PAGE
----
About this Plan
North American NA-300 (prototype of the OV-10 Bronco). Scale CL twin model counter insurgency aircraft. For twin Cox Tee Dee power. Scale is 1/12. From American Modeler issue 01-02 1965.
Quote: "Build the COIN Winner. Here's North American's NA-300 Counter Insurgency fighter as a big, beautiful control liner with beaucoup git-up-and-go. Be first with your own Navy/Marine Corps miiature STOL craft, wipe the opposition off the map in flying scale contests! There's plenty of strength in this simplified structure, too. NA-300 by Walt Musciano.
One of the results of the limited warfare experience in Viet Nam and other south Asia nations was the necessity for a new type of tactical airplane to replace the vulnerable helicopters. This is the light armed reconnaissance airplane (LARA) specially designed for counter-insurgency (COIN) activities. In view of the lack of adequate landing fields in these remote areas the pro- posed aircraft must also be capable of short take-off and landing (STOL) operations from jungle clearings.
After studying nine design proposals from various manufacturers the United States Navy commissioned North American Aviation Corporation to build seven prototype aircraft for evaluation before the type is ordered in quantity for the Marine Corps. This twin engine, twin boom airplane is functional in every respect. The forward location of the cockpit and high wing provide virtually unrestricted visibility for reconnaissance missions while twin booms and high horizontal tail enable a truck to back up to the fuselage to facilitate transfer of supplies and equipment through the rear door for cargo carrying missions. A small wing span was mandatory because of the small fields from which the craft will be forced to operate.
The new design can carry any of the following on a wide assortment of missions: six combat equipped infantrymen -as a transport; five paratroopers with full equipment for surprise raids, two litter cases with a medical attendant as an ambulance plane. Assorted food or medical supplies or ammunition can be carried in the 111 cubic foot cargo compartment when the craft serves as a cargo carrier. Sponsons or stub wings can be easily attached to the lower fuselage sides for the carriage of 2,400 pounds of external equipment including assorted bombs, napalm, and rocket clusters, plus four 7.62 mm machine guns, for attack missions. Two 650 horsepower Garrett/ AiResearch T-76 turbo-prop engines will enable this versatile airplane to attain 305 miles per hour at sea level. Loaded weight is 7,617 pounds, empty weight is 4893 pounds.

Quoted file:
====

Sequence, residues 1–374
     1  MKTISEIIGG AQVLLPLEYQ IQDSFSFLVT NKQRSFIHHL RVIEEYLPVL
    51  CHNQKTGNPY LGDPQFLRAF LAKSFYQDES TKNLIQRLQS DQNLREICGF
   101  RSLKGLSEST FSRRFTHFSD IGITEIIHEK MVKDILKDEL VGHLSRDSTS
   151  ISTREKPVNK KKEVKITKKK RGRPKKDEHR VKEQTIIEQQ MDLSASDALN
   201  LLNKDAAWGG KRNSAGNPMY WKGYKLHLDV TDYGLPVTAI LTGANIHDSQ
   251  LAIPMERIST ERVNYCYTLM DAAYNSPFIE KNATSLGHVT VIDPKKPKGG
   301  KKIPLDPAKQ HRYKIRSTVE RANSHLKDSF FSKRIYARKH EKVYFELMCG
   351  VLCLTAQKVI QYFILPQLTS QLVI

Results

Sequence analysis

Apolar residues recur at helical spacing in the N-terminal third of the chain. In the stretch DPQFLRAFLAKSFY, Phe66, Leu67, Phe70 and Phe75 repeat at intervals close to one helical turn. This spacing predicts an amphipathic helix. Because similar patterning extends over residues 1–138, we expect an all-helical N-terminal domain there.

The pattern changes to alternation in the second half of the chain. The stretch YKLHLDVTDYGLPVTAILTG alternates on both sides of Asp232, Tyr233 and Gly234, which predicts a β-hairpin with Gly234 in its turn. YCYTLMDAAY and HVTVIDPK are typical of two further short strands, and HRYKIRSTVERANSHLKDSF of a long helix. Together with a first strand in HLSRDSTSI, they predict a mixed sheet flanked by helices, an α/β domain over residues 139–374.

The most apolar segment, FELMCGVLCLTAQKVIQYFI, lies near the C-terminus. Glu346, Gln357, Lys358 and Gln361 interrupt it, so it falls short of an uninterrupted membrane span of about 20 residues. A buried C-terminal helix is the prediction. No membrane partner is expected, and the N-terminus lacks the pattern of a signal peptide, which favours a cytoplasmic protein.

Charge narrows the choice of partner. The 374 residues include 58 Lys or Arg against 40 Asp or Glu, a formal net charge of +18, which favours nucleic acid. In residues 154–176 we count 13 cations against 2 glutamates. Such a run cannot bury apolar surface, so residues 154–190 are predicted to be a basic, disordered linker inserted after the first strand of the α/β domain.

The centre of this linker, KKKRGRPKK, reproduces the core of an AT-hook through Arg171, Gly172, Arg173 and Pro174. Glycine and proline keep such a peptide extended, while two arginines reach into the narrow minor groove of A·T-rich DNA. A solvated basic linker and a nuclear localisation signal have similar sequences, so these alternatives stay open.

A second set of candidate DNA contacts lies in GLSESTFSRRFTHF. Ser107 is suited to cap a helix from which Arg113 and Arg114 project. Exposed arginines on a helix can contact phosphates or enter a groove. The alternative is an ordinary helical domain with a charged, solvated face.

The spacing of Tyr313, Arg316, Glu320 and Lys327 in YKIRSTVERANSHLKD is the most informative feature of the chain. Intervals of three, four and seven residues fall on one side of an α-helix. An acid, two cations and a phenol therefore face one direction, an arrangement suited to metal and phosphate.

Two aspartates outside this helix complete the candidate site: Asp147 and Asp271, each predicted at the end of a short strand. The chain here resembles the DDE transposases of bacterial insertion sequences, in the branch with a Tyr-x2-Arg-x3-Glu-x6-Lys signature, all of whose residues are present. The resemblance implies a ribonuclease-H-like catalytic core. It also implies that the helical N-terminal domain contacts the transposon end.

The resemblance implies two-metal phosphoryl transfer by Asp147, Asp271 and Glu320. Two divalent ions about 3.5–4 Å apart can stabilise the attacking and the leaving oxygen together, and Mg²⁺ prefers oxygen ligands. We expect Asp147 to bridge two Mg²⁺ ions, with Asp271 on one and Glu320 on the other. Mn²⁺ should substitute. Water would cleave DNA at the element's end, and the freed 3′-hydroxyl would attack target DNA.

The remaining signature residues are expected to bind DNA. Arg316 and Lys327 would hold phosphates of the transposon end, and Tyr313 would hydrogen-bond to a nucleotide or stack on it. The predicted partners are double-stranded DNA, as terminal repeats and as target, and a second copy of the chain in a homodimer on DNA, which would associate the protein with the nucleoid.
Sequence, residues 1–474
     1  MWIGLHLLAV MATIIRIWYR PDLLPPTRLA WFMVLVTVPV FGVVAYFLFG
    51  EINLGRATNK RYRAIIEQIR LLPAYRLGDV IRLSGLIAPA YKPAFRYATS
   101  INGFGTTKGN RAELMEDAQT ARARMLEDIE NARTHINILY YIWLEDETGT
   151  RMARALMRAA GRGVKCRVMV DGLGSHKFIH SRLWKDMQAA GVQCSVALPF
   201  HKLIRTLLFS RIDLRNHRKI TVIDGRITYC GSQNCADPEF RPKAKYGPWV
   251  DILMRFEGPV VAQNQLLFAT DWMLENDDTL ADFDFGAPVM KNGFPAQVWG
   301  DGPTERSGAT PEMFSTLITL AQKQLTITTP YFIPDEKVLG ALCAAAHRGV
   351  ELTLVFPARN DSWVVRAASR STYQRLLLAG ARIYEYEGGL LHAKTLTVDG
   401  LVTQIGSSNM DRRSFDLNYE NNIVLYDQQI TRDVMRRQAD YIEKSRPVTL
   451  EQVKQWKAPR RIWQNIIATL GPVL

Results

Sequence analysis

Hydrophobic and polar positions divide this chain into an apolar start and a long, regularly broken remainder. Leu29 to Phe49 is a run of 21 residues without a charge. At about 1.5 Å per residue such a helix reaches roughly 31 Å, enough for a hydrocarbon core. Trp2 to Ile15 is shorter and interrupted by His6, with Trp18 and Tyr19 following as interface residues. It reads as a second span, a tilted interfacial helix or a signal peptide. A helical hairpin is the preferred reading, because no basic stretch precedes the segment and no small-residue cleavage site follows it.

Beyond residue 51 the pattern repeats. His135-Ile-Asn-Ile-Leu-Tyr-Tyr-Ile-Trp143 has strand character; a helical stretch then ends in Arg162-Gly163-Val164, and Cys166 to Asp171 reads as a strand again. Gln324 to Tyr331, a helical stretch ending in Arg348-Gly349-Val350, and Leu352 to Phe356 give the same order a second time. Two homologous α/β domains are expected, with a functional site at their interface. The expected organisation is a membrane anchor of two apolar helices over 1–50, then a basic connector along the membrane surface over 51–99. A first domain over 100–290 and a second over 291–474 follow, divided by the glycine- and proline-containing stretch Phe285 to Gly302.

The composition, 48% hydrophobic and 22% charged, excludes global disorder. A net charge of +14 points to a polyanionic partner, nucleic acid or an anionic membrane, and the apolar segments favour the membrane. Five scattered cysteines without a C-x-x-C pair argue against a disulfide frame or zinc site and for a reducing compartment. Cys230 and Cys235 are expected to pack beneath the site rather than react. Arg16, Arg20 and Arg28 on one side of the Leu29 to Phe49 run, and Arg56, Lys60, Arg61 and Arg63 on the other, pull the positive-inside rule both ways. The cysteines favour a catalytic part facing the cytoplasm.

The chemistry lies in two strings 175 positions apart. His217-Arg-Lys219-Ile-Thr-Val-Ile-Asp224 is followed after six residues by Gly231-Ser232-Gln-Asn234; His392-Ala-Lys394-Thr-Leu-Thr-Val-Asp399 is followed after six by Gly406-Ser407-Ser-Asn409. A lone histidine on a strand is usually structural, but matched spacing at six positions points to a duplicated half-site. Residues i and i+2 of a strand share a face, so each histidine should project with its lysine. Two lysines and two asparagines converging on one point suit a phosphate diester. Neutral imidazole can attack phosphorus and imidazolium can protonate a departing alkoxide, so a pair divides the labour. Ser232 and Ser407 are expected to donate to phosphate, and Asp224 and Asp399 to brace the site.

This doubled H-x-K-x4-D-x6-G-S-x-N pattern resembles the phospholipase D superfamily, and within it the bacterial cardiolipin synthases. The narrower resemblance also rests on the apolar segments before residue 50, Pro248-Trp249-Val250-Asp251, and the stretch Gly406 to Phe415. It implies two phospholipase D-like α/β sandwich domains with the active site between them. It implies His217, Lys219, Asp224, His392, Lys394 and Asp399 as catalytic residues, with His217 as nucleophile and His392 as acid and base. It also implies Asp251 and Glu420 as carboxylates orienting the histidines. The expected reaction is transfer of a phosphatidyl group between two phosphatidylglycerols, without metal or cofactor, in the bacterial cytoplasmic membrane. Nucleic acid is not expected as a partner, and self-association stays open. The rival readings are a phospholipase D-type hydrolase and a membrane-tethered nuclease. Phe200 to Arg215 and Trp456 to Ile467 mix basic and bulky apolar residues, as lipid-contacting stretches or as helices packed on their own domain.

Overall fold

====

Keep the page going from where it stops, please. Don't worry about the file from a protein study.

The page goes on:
The engines were designed to operate on the same fuel as is used in army vehicles and the machine guns can fire the same ammunition used by the ground troops. This enabled the NA 300 to operate along with the infantrymen without requiring special supply lines. In addition, the unusual craft can fly from or to the decks of carriers without the use of arresting gear or catapult. Normal crew consists of the pilot; however, an observer is also carried during reconnaissance missions.
The model presented here is scaled to one inch to one foot. This gives the appearance of a huge model despite the fact that the wingspan is only thirty inches. Two engines from .049 to .099 cubic inch displacement can be used for this project. Construction begins with the wing which could not be simpler since it has no dihedral, sweep-back or taper. Trace and cut the ribs to shape. Slide them on the spar and cement well. Hold in place with pins until dry. Slip the leading edge into the rib notches and cement.
The hardwood bell crank mount is firmly cemented between the two heavy ribs. Attach lead out wires to bellcrank .and slip them through the holes in the ribs. Bend control rod to shape and slip it on bellcrank. Solder a washer to the end of control rod to prevent it from' slipping off. Bolt bellcrank to hardwood mount.
Wing covering, which is simple, comes next. First, butt join the covering sheets to form the correct chord width. When dry apply plenty of slow drying cement to the bottom of the ribs and leading edge. Press the covering to the structure and hold in place with straight pins until dry. Bevel the covering leading and trailing edges to follow the contour of the rib camber. Cement the lead weight in the outboard wing. Apply cement to the top of the ribs and beveled portion of the lower covering and install the upper covering. Hold in place with pins. Sand well when the cement is dry. Cut a slot for the control rod.
Both booms are identical and are fabricated at this time. Trace and cut the keels to shape. These must be cut and assembled accurately because the keels insure the proper alignment of the wing, engines and stabilizer. Notice that the keels continue up to become the core for the fin construction. It is also important to cut accurately the holes for the stabilized tabs. Cement the engine mounts to the keels and be certain that you space the mounts to fit the engine that you plan to use. Trace, cut out and cement the top and bottom spacers to each side of the keel near the top and bottom edges. Cut these from soft balsa. Cut the 1/16 plywood landing gear supports to shape and cement them to each side of the boom keels. When dry drill holes through the supports and keel for the thread which is used later.
Bend the landing gear struts to shape and bind together as shown. Be sure to make one right and one left hand strut. Use fine copper or brass wire for binding the joints and solder liberally. Attach the wire landing gear to the keel by sewing it in place several times with strong cotton thread such as carpet thread..."
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